Danshen Root can be consumed directly by brewing it in hot water or tea. Take 3-12 grams of Danshen Root, remove its impurities and smaller stems by washing it thoroughly. Cut the root into thick slices and dry it before brewing it.
Alternatively, Danshen Root can be used in conjunction with other herbs and ingredients to give herbal dishes or herbal concoctions. For example, Danshen Root can be added to Brown Sugar and water. This beverage can help to improve blood circulation and battle menstrual symptoms such as menstrual cramps.
Danshen Root can also be made into pills for convenient consumption.
Cautions and Side Effects of Danshen Root
Danshen Root should never be used in conjunction with or consumed together with Black False Hellebore. When used together, these two herbs interact with each other to produce certain substances that are harmful to the human body, and may compromise your health.
Danshen Root also interacts with many other medications, which increases the chances that the medication’s side effects will occur. Examples of such medications include Digoxin (Lanoxin), medications that slow blood clotting (e.g. Anticoagulant / Antiplatelet drugs), Warfarin (Coumadin) and Aspirin. It is best to discuss with your doctor or healthcare provider before deciding to include Danshen Root into your diet.
Also, if you have a bleeding disorder, you should avoid consuming Danshen Root as it might increase the risk of bleeding and lower blood pressure even further.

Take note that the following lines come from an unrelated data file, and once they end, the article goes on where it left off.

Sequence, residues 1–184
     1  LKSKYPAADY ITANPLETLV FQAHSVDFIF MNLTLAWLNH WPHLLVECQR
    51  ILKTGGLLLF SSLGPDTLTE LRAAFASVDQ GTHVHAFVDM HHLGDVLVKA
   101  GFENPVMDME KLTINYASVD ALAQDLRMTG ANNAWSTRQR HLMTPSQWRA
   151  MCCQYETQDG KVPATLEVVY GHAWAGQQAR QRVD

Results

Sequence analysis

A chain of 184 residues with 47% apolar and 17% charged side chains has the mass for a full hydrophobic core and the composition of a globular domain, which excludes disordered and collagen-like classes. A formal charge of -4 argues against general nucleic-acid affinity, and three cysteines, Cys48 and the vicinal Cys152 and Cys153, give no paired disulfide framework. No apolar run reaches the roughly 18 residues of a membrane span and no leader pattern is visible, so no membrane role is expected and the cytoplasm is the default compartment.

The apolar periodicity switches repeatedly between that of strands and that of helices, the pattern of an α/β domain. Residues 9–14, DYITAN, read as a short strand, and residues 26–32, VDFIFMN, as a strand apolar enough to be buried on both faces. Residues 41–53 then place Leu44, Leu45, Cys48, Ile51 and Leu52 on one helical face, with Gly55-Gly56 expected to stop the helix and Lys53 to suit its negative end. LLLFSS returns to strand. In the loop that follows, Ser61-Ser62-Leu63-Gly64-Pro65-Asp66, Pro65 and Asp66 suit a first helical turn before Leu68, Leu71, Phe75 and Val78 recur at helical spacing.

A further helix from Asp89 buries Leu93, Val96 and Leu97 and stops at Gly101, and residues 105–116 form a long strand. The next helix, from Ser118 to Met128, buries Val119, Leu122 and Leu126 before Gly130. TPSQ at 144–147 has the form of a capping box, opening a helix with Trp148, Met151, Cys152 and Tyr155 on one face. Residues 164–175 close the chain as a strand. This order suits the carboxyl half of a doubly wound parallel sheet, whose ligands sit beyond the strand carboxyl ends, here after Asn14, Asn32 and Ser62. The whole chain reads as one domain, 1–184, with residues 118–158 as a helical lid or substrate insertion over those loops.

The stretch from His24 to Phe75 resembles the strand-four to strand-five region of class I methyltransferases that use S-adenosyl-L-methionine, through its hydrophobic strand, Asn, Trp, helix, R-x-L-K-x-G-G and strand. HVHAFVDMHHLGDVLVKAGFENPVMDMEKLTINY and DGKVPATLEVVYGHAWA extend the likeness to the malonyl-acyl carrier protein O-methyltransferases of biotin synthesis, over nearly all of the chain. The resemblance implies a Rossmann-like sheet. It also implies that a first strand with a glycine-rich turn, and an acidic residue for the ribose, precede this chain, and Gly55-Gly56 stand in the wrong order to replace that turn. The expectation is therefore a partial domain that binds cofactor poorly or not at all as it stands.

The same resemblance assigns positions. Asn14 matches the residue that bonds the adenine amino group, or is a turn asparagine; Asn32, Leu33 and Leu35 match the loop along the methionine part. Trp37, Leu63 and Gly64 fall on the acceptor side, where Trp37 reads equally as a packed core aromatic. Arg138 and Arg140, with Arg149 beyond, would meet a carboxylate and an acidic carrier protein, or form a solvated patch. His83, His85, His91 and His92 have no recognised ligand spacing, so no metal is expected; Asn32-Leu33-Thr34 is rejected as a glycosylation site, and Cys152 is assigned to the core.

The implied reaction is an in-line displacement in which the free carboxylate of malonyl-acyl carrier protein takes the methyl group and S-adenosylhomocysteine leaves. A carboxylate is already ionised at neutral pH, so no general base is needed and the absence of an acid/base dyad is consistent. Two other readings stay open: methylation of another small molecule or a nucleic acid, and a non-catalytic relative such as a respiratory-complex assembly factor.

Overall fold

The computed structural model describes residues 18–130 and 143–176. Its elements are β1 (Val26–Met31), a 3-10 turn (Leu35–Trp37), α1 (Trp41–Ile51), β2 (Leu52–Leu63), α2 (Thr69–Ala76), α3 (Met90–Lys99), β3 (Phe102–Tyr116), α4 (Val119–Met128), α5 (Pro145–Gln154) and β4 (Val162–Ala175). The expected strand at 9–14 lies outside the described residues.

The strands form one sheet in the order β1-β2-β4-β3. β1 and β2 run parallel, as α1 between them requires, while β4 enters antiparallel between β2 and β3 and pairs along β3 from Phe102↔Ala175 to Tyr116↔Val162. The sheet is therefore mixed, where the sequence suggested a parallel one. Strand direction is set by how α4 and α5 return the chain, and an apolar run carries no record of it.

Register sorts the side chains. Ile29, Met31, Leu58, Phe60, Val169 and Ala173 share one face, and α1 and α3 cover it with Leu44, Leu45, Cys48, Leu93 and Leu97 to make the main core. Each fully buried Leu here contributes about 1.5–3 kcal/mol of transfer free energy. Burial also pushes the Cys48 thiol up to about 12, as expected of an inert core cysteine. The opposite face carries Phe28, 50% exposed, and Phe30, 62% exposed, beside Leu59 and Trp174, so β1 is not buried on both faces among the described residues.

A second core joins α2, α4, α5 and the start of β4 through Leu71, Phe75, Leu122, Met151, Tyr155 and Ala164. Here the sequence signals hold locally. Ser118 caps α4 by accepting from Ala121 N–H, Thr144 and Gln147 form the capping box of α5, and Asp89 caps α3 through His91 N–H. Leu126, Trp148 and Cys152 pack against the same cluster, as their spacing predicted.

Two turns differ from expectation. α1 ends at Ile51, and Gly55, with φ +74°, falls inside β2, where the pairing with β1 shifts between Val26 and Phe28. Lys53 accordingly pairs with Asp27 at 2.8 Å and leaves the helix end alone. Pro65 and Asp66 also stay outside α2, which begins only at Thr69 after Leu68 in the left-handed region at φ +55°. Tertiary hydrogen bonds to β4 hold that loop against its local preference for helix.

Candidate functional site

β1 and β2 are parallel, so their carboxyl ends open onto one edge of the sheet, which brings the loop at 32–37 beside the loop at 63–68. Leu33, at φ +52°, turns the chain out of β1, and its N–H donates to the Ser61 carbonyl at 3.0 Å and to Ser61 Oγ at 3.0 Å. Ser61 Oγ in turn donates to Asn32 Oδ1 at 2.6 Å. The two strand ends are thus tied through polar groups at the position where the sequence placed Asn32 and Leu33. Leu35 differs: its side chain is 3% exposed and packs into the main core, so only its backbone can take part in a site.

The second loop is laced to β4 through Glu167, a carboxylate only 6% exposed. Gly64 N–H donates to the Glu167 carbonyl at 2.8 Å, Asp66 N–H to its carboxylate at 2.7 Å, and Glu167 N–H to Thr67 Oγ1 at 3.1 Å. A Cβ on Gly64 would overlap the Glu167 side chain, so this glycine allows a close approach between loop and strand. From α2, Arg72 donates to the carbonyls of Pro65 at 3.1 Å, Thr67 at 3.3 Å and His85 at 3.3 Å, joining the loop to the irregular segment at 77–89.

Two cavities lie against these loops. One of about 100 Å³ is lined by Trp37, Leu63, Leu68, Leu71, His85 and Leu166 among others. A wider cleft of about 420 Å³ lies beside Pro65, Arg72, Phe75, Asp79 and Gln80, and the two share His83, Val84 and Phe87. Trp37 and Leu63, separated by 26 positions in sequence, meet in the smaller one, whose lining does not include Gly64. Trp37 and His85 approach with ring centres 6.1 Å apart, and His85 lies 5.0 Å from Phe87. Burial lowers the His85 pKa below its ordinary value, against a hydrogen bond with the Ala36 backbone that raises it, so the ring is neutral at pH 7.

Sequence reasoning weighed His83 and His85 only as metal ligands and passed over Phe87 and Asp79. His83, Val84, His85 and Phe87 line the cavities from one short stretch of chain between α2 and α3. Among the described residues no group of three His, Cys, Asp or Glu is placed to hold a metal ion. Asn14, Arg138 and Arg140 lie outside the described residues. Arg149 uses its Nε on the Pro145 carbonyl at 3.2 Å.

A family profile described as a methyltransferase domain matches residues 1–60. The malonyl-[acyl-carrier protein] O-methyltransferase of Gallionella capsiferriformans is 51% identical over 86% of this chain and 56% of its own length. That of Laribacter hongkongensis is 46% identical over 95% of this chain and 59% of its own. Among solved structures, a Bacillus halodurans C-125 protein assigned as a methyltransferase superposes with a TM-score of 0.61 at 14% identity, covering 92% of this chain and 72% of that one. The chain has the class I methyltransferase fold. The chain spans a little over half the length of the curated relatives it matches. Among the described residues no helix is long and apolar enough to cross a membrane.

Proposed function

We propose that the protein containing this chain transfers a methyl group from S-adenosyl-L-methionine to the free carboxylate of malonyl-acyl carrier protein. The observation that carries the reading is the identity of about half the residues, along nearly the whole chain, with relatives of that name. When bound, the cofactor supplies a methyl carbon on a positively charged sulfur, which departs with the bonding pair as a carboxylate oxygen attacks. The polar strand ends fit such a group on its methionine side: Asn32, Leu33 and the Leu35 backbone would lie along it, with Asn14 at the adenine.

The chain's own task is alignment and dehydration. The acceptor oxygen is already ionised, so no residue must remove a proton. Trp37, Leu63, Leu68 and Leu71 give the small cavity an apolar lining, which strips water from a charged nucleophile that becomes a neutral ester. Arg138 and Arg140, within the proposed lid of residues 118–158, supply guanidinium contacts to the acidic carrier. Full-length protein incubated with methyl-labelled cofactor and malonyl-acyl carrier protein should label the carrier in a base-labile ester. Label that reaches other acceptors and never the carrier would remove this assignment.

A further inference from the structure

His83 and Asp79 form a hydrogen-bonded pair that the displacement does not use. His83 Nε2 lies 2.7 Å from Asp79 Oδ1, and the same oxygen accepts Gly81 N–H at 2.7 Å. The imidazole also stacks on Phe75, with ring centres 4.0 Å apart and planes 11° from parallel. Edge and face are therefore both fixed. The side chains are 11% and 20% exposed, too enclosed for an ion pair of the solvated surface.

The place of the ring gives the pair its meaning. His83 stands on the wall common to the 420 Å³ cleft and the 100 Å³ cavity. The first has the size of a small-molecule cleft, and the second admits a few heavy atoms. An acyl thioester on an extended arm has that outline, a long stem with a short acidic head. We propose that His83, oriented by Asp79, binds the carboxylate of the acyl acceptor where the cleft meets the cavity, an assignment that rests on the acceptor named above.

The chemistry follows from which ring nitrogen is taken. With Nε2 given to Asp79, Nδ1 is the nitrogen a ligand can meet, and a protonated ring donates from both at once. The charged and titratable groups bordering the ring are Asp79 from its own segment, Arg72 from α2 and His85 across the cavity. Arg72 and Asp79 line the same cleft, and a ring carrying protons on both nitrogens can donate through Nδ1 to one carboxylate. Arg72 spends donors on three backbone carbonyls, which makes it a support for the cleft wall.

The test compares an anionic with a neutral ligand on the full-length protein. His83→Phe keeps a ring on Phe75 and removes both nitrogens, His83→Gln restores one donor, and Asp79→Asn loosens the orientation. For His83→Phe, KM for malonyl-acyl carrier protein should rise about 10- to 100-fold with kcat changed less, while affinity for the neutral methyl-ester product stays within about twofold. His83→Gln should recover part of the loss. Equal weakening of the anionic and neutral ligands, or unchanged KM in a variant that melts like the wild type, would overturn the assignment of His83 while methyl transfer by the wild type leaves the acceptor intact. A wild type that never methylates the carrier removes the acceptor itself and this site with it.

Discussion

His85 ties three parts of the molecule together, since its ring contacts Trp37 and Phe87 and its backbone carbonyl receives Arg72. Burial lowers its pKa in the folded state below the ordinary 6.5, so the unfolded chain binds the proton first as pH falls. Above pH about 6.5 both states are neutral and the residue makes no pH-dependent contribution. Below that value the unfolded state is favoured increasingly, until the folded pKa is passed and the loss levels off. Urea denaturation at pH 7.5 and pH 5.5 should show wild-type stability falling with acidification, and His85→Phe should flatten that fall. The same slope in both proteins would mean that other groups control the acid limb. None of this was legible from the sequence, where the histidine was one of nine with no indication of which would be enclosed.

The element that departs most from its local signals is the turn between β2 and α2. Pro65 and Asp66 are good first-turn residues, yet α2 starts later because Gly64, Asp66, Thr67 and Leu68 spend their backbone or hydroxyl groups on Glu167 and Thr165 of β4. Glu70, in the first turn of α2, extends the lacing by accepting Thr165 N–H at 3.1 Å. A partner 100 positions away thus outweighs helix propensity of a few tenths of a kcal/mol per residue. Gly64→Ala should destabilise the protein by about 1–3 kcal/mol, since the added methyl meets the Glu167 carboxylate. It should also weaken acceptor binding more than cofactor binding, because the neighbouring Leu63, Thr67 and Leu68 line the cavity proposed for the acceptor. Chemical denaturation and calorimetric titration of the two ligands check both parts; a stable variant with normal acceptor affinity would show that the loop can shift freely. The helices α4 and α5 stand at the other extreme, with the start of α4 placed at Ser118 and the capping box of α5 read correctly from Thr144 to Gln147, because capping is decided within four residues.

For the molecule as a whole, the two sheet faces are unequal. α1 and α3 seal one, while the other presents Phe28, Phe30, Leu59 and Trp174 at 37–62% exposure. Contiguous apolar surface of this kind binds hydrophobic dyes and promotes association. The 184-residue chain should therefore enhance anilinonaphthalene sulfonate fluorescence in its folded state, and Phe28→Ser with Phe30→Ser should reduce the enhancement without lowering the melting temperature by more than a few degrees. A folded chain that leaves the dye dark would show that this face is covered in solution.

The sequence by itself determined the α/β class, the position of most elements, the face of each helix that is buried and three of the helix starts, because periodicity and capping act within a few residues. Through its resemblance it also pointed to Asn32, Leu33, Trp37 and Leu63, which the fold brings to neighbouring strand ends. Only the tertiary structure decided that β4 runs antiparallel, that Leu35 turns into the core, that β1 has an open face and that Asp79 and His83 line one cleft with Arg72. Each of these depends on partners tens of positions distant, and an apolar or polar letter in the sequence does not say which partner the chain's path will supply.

As Danshen Root may help to slow down the process of blood-clotting, there are concerns that it might increase the risk of extra bleeding during and post-surgery. It is advised to refrain from consuming Danshen Root for at least two weeks before a scheduled surgery.
Pregnant women or individuals under chronic medication should consult a physician before consuming this.
Some common side effects that occur when an individual consumes Danshen Root include itching, an upset stomach and reduced appetite.
Here is a summary for Danshen Root:
- Herb name (Chinese): 丹参
- Herb name (Pin Yin): dān shēn
- Herb name (English): Danshen Root
- Herb name (Botanical): Radix et Rhizoma Salviae Miltiorrhizae
- Origin of species: Salvia miltiorrhiza Bge
- Part(s) of herb used: Root and rhizome
- Geo-specific habitat(s): Sichuan, Anhui, Jiangsu, Henan, Shanxi
- Taste(s) & Properties: Bitter; Slightly cold; Administrates the Heart, Pericardium and Liver meridians
- Actions: Helps to regulate the menstrual cycle and eases painful periods or pain experienced after delivery; Helps to ease discomfort experienced in the heart and abdominal regions; Helps to relieve emotional distress to improve quality of sleep; Pain relief for rheumatic conditions due to inflammation; Removes Blood Stasis.
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MeIm, X. D., Yan-Feng, C., Yan-Yun, C., Jing, L., Shang, Z. P., Wen-Jing, Z. H. A. O., … & Zhang, J. Y. (2019). Danshen: a phytochemical and pharmacological overview. Chinese Journal of Natural Medicines, 17(1), 59-80. [Accessed on 12 September 2022]
Zhou, L., Zuo, Z., & Chow, M. S. S. (2005). Danshen: an overview of its chemistry, pharmacology, pharmacokinetics, and clinical use. The Journal of Clinical Pharmacology, 45(12), 1345-1359. [Accessed on 12 September 2022]